In many rural areas of Timor-Leste, people have land, but they have no knowledge or skills to develop it. Farmers only plant one or two different crops each season, and without variety, they get a low price at the market. Some move to the capital, Dili, to find a job rather than continue their farming business. Alda, 35 years old from Aileu, used to have difficulties developing her farm and her business.
Through the Better Food Better Health project, World Vision is helping farmers like Alda to grow, eat and sell nutritious ‘superfoods’ to improve family nutrition and income. Parents learn how to cook meals for their children using local foods – meals that are not only nutritious but taste good too.
“When I heard World Vision was running a superfood cooking competition, I organised a women’s group in my community to enter,” Alda said. “My team won this competition. I was happy as I couldn’t believe that we made it with our own local products that we have on our farms. We cooked with six types of foods, including red kidney beans, soybeans, mung beans, moringa, eggs and orange sweet potatoes. We used these ingredients to make all kinds of food, like cookies, cakes, puddings, porridges, teas and satays,” she said happily.
After success in the competition, Alda started an event catering business and selling her cookies and cakes at the market. Now she is growing a variety of crops, and her business is doing well.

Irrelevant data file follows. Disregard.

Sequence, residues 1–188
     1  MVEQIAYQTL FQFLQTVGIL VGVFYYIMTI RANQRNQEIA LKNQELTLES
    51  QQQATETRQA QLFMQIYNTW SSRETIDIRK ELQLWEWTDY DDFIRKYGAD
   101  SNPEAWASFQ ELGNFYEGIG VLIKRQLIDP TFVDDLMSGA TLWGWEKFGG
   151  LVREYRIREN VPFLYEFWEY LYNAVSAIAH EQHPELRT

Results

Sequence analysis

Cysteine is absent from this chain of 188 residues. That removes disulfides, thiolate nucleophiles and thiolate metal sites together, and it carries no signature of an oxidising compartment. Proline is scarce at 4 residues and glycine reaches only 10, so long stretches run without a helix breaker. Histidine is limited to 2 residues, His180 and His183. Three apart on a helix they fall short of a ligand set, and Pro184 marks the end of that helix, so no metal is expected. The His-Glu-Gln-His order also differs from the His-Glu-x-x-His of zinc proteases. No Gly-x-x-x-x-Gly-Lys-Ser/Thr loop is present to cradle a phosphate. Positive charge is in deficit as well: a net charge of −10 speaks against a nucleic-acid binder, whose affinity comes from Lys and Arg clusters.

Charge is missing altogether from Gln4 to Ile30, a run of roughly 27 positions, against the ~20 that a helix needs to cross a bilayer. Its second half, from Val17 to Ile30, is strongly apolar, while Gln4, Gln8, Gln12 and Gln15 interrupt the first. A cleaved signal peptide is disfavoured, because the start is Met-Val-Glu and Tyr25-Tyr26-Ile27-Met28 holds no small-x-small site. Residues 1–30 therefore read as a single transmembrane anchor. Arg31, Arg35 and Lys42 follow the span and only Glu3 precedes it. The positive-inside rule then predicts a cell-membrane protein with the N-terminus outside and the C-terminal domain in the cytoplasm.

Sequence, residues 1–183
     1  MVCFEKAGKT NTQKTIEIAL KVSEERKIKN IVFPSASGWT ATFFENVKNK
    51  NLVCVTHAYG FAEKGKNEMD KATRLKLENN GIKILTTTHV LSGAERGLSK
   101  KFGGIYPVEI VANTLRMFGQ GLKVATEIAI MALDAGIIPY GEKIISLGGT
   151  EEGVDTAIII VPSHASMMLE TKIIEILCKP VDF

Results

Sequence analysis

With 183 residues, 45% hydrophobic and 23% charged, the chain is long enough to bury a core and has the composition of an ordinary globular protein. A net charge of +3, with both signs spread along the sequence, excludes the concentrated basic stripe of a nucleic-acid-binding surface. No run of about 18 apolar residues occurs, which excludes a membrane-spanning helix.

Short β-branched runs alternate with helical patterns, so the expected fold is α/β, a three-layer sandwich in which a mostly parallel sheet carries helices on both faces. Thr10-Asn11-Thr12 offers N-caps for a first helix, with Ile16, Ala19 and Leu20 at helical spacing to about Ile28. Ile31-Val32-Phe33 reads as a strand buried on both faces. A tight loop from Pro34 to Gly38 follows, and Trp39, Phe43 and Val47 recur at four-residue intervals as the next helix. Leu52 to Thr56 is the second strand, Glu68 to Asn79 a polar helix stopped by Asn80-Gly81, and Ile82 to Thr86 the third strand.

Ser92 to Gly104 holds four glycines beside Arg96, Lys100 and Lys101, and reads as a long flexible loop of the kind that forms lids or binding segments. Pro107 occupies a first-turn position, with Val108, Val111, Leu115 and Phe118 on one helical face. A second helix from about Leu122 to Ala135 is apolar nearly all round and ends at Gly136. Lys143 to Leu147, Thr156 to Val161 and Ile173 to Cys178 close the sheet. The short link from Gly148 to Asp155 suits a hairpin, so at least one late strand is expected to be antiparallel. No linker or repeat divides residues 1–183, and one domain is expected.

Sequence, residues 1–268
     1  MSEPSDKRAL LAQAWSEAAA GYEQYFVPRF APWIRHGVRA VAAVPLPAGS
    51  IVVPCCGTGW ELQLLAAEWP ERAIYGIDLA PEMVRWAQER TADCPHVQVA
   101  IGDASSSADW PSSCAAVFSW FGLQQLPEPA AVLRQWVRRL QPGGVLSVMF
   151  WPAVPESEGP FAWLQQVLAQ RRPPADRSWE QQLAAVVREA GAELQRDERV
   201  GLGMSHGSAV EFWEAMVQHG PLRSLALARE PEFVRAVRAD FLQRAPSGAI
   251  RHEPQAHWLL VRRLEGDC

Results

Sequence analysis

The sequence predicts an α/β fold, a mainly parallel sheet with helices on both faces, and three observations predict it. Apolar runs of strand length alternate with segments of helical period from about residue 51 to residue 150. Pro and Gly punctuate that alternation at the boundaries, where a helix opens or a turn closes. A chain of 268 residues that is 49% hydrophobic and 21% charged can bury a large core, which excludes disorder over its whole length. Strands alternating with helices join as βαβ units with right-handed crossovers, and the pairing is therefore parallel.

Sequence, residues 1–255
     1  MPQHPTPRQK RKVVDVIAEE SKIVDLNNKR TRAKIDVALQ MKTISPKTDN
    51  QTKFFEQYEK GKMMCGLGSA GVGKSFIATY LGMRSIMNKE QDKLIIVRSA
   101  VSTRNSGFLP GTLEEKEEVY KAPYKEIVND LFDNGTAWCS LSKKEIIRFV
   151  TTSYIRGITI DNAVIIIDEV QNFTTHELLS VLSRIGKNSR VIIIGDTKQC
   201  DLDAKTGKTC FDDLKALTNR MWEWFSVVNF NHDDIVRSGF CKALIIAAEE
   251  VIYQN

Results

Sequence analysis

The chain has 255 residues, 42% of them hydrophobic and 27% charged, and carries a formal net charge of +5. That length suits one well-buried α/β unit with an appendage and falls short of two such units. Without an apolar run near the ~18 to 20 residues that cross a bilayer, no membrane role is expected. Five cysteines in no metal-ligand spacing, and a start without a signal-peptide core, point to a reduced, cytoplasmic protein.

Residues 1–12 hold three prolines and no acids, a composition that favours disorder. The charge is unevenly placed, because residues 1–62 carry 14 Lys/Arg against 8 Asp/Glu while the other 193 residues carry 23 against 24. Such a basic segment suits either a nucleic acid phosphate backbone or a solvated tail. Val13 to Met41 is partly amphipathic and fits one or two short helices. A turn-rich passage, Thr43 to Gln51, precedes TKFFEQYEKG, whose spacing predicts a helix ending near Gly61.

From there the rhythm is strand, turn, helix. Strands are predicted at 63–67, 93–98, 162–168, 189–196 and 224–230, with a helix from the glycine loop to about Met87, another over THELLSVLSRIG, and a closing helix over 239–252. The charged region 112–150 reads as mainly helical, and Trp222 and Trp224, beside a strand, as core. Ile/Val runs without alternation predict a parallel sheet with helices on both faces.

Alda’s husband Bernardo, 46 years old, works as a security guard, but he always makes time to help Alda in the farm and supports her in her business. “When I come home from work, I help my wife in the farm and take care of the kids,” he said. “My wife won the cooking competition held by World Vision,” he added proudly.
Their daughter, 12-year-old Octaviana, is happy with her mother’s business. Now she eats the local food prepared by her mother, rather than buying all imported food. “Now I can eat various foods and bring the rest to school as well,” she said.
Octaviana also helps her mother raise chickens, which provide nutritious eggs to eat every day. “We raise a lot of chickens at home. Every morning I like to feed them and watch those chickens try to take food from each other,” Octaviana said.
However, recently, COVID-19 has presented some challenges for the family. “It’s been two or three months, and I can’t sell my food collection at the market due to the lockdown. We have no customers to buy our food,” Alda explained. While she has been able to continue to grow her vegetables, there has been a rice shortage, so Alda has been forced to exchange her local crops for rice.
“During the lockdown, I didn’t go to school because the virus has begun to spread, so my teacher announced all the students have to just study at home,” said Octaviana. “Even we don’t have enough food, but we still run the farm to survive until the virus is gone. In the afternoon my parents and I go to the farm. I help my parents watering vegetables and cleaning the grass. I love to spend time on the farm as it has a lot of big trees, has shade everywhere, it is green, and I listen to the birds’ sounds. I like to listen as the birds are singing while we take a rest in the farm,” she said.
But the family is looking to the future. “I hope that after COVID-19 is gone, World Vision can rerun this cooking competition event to promote our local products and show my wife’s creativity and talent,” said Bernardo.
The Australian Government supports the Better Food Better Health project through the Australian NGO Cooperation Program (ANCP).